The only other option is feeling like a fool. And that’s not much of an option at all.
So when a new Mel Brooks special came on HBO, I made some time for it. It’s fantastic, and it closes with Mel singing the title song from “The 12 Chairs.” (You can/should watch it here.) The opening verse goes:
Hope for the best
Expect the worst
Some drink champagne
Some die of thirst
No way of knowing
Which way it’s going
Hope for the best
Expect the worst
It’s just a perfect Mel Brooks thought, and anyone who’s ever worked on something big knows the feeling. Before you go in on anything big — a project, a book, a company — sometimes it works out, and sometimes, shit happens!
That’s just how it goes. You do what you can, and you surround yourself with great people — and then you hope for the best.
Anyway, I sat down to write something longer about this — about how perfectly it captures what doing the work is all about, and what it means to go through this life — and then the chair I was sitting in broke. The back of it just snapped in half.
I sit down to write something about how life is funny, and then life goes and almost knocks me literally onto my ass.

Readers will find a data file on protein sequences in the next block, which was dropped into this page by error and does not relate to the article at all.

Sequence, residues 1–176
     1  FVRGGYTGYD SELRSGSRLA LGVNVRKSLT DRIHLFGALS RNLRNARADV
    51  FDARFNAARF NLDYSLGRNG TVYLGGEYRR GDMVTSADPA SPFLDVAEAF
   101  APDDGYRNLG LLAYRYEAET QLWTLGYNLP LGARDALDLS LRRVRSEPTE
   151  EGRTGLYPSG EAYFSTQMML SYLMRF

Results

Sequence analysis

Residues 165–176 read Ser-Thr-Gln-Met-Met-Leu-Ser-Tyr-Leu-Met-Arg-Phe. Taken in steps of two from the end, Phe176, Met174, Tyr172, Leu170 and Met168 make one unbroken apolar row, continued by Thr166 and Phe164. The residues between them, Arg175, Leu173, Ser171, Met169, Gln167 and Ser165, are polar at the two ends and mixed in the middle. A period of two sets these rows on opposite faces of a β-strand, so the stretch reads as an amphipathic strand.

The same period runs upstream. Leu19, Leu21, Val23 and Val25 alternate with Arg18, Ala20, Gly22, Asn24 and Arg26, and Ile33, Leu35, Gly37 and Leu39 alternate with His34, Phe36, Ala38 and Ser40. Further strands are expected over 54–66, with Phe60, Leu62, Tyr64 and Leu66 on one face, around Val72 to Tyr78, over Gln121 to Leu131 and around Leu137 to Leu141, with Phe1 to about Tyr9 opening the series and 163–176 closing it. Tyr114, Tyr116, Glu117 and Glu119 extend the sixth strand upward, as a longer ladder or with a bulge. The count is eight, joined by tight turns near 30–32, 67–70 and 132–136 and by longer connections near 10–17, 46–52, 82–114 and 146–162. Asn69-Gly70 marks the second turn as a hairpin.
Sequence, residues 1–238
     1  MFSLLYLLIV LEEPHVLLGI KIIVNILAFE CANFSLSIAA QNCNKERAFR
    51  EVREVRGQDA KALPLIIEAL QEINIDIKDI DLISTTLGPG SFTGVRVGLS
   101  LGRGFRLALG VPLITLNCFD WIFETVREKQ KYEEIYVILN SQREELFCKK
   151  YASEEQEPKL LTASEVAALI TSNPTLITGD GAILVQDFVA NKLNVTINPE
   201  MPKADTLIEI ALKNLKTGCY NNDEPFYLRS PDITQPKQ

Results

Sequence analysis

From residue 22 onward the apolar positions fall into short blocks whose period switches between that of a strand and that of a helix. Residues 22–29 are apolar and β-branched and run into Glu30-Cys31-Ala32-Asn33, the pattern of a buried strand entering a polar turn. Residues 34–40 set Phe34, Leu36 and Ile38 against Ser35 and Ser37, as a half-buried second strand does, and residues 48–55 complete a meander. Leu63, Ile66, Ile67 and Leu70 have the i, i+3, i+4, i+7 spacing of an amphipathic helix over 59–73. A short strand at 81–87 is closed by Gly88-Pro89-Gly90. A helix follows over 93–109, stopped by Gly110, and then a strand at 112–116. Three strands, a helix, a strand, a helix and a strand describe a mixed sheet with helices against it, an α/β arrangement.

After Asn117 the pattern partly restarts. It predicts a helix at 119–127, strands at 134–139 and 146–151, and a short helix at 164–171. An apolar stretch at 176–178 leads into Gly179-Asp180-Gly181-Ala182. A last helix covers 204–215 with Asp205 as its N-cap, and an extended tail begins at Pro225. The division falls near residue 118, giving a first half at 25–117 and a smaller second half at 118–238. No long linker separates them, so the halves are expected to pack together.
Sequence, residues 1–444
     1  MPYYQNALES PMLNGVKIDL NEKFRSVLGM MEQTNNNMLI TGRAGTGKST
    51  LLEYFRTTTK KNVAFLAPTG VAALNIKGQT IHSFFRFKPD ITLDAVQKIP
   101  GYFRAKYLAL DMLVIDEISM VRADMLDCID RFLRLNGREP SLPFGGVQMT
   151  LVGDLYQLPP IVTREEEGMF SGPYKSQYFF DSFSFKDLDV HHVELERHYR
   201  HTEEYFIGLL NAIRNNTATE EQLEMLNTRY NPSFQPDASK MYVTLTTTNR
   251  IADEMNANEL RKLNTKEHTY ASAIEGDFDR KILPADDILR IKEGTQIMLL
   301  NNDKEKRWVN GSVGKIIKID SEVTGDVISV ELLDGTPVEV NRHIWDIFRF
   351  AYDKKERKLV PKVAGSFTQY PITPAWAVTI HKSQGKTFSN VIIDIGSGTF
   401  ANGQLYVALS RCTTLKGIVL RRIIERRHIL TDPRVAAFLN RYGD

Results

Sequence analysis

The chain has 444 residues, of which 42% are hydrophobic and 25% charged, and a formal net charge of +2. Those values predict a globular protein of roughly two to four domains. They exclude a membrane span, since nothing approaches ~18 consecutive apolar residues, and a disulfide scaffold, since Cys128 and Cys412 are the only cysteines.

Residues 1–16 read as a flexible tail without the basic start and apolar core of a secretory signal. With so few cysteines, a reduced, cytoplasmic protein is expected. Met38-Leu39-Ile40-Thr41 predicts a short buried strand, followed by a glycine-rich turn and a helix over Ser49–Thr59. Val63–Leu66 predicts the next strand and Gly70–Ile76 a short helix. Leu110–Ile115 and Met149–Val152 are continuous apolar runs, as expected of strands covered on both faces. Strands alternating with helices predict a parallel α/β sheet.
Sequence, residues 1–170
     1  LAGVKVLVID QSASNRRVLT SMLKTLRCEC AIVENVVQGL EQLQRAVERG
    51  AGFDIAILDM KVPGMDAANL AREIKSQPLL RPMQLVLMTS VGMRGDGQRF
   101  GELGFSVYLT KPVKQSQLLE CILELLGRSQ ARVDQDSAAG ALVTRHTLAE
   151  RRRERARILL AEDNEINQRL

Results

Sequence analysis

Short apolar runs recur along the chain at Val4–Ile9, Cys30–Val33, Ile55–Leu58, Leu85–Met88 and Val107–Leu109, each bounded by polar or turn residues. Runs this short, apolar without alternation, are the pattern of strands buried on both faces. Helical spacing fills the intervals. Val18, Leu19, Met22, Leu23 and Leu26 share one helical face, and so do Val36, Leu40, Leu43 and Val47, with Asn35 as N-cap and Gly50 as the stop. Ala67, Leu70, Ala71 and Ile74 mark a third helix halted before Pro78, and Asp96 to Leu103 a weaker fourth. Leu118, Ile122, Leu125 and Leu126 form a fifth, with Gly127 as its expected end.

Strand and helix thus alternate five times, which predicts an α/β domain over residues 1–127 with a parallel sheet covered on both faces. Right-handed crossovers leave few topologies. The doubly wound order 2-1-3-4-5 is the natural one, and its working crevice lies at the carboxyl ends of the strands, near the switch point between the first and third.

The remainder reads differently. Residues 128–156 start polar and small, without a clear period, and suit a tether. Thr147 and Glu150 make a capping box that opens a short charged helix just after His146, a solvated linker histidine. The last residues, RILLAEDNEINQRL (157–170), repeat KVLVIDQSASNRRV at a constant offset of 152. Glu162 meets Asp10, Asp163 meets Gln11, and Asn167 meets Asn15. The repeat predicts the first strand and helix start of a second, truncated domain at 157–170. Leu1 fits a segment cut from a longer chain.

You’re right, Mel. Life really is funny like that.
I had a moment today where I had to ask myself: What the hell am I doing today?
This sort of question isn’t all that strange. I do this every once in a while: I wonder about what it is I do, and whether or not I’m doing the right thing right now — normal stuff most people in their 20s worry about.
But this time, I wasn’t thinking about what I’m doing with my life. This morning, I was literally thinking: What the hell am I doing today?
See, when I started at BuzzFeed, I was the only person working on newsletters. I was the guy designing the newsletters, creating the templates for the newsletters, launching the newsletters, doing promotion for the newsletters — oh, and writing the newsletters. By the end of 2013, I was writing 30+ newsletters a week.
It was a lot.